What is a Chartfield?
Chartfields are individual segments of PeopleSoft's coding structure, which are joined together in various combinations to tell the system where to record a financial transaction. Chartfields consist of ten separate blocks of information including business unit, fund, organization, program or project, subclass, account, budget year, statistics code, and currency code. A FOPPS is an anagram for fund, organization (org), program or project, and subclass. For more information, see:
What is a FOPPS?
What is a speedtype?
A unique combination of fund, organization, program OR project, and subclass where applicable; a single university activity or FOPPS. A speedtype
autogenerates a "smart number" that correlates to a specific University FOPPS, or chartfield. The first digit of the speedtype defines the campus (e.g. UCD = 6); the next two digits define the fund (e.g. sponsored project = 30); the next 5 digits are automatically generated in the system when the speedtype or chartfield is set up. For example, 63012345 would be recognizable as a UCD sponsored project fund. http://abs.colorado.edu/ABS_WEB/nonhtm/guide/ch05.doc
What is a fund?
What is a current fund?
Current funds are those economic resources of a college or university which are expendable for the purpose of performing the primary missions of the institution – instruction, research and public service – and which are not restricted by external sources or designated by the governing board for other than operating purposes. The term “current” means that the resources will be expended in the near term and that they will be used for operating purposes. CU's current funds are fund 10, fund 11, fund 20, fund 26, fund 28, fund 29, fund 30, fund 31, and fund 34.http://abs.colorado.edu/ABS_WEB/nonhtm/guide/ch04.doc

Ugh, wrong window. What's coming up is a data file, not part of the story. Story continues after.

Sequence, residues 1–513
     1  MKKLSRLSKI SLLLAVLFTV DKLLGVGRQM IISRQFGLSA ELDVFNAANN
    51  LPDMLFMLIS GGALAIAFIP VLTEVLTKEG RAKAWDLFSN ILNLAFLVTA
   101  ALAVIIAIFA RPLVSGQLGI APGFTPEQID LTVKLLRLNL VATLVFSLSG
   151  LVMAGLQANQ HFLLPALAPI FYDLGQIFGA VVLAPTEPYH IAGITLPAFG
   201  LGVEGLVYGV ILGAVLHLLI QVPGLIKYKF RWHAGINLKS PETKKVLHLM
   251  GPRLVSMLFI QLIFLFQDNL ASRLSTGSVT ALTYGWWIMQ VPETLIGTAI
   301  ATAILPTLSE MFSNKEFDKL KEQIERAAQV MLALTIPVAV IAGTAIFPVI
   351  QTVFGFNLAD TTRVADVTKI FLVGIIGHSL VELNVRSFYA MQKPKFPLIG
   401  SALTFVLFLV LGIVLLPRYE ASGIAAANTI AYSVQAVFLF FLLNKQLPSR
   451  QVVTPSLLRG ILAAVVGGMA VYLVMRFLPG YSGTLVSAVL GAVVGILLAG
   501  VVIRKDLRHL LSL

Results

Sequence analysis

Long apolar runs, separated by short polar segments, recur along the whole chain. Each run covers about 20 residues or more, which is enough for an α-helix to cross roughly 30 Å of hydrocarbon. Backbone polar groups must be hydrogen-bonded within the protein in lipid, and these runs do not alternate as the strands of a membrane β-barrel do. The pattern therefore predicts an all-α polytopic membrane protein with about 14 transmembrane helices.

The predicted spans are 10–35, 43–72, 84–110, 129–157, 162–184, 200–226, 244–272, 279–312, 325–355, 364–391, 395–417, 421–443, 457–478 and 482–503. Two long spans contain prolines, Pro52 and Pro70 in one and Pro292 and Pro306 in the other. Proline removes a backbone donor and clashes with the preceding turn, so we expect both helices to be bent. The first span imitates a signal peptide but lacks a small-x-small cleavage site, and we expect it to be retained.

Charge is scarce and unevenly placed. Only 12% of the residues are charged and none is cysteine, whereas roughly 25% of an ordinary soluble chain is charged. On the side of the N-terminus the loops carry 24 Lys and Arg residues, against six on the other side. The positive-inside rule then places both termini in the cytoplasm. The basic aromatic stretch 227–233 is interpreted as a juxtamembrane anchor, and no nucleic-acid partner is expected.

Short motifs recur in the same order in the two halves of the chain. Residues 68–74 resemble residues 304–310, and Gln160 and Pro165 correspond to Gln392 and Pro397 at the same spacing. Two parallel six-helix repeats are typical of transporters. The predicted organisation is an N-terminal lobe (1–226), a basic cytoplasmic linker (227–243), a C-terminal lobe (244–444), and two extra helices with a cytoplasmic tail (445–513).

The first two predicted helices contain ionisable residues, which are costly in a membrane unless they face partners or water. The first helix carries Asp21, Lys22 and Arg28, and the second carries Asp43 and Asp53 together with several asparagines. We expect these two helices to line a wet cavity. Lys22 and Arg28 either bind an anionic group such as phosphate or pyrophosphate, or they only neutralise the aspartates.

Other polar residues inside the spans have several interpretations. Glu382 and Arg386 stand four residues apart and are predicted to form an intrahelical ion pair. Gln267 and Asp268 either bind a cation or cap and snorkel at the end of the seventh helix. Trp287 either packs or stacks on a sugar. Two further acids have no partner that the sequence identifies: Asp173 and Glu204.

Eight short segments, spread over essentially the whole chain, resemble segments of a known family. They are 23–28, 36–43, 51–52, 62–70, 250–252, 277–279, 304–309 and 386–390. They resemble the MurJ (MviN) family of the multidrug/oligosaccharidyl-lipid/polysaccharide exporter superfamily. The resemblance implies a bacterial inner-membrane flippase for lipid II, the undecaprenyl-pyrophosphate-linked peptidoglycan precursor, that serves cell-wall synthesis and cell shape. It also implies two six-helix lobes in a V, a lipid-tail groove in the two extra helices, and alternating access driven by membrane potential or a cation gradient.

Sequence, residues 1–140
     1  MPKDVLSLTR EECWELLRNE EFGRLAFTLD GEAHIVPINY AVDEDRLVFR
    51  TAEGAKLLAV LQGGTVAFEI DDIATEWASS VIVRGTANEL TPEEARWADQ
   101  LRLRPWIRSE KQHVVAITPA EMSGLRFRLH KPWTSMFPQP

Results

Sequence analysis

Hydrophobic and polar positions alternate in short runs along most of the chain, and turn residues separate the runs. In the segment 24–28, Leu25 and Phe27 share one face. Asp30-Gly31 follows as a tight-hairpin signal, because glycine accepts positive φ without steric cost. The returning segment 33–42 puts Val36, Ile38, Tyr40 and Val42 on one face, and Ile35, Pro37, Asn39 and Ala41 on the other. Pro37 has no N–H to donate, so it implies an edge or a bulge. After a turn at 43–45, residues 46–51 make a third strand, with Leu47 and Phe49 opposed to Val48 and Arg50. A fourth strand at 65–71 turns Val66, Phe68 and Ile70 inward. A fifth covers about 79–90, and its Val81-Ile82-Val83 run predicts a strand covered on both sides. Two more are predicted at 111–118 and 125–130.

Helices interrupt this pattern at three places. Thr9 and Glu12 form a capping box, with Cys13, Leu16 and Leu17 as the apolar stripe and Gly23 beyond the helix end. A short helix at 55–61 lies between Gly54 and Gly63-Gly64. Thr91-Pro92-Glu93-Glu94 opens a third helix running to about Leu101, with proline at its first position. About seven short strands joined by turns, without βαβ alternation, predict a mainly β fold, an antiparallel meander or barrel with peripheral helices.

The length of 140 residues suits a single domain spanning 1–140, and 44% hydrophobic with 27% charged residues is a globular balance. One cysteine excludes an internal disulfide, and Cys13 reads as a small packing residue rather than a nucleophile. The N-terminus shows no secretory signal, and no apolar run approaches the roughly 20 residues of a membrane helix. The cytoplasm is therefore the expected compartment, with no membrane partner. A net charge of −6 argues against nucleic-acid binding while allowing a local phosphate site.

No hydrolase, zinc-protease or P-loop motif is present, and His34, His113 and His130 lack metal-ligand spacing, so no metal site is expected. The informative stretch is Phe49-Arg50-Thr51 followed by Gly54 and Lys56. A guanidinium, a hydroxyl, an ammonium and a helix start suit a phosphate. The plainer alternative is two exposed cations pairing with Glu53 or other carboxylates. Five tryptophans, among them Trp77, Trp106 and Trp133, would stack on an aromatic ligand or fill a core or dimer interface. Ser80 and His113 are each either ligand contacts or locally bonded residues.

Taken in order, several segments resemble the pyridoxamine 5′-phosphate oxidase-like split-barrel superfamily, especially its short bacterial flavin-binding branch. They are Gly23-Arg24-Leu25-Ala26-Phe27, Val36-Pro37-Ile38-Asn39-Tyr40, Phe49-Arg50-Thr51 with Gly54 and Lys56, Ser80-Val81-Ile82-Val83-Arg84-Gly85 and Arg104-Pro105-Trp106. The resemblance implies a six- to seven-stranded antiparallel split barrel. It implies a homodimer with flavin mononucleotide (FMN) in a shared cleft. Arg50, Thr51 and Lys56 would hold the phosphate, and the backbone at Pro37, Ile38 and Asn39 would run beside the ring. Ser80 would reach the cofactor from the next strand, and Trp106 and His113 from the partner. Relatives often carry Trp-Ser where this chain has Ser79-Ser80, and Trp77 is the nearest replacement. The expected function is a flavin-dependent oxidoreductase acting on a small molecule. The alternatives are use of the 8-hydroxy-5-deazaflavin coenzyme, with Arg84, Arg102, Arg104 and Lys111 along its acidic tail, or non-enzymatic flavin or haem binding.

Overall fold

What is a plant fund?
Plant funds are to be used for the acquisition of physical properties for institutional purposes but unexpended at the date of reporting; funds set aside for the renewal and replacement of institutional properties; funds set aside for debt service charges and for the retirement of indebtedness on institutional properties; and funds expended for, and thus invested in, institutional properties. CU's plant funds are fund 71, fund 72, fund 73, and fund 74 at UCD.